Left to right: Jerry Ferrara, Piven, Grenier, Connolly, and Kevin Dillon.
Vince wants to direct a movie, and as the new studio head, Ari is in a position to make that dream come true. He uses his clout to put Vince in charge of the next summer tent pole with a $100 million price tag. He goes considerably over his budget and is forced to deal with the Texas money man and his son (Billy Bob Thornton and Haley Joel Osmet) who are financing the production. Eric has a side plot with longtime on-again-off-again girlfriend/fiancée/wife Sloane. Turtle tries to romance a celebrity. Drama has self-esteem issues based on his lacking career. It is all par for the Entourage course.

Trust me. If you are interested in Entourage, it is not because of the plot. If you are not familiar with the show, the plot will not get you invested in these people. If you do not like the show, well, see the introduction. However, if you are a fan, the plot is not really the point. The point is to watch gifted comic actors throw shade at each other for a brisk 100 minutes.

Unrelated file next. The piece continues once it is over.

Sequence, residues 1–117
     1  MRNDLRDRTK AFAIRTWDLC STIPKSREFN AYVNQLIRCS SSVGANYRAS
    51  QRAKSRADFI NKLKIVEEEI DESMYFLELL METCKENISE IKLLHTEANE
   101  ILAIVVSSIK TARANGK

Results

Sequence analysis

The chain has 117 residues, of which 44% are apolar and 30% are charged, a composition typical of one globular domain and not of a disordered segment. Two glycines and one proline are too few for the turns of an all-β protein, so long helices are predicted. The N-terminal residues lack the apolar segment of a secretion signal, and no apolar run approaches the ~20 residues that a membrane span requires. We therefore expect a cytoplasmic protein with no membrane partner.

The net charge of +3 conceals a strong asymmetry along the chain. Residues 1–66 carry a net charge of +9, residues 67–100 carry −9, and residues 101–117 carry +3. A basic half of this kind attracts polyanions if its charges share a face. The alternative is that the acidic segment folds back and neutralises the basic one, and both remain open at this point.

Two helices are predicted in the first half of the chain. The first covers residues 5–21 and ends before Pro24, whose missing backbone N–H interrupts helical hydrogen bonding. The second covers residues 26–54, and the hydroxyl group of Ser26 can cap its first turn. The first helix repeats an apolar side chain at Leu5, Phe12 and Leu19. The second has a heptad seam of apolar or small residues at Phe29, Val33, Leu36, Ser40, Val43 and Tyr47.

I saw the film at a Tuesday night preview screening with an audience that was absolutely thrilled to be there. Every joke landed and landed hard. This was the target demographic. The movie might not – hell, probably could not – play the same to anyone outside the intended audience. I am here to ask: So what? This movie has been absolutely pounded by mainstream critics. I understand. I see their points. None of it, however, makes the experience of watching characters you always enjoyed brought back to life and bigger than ever.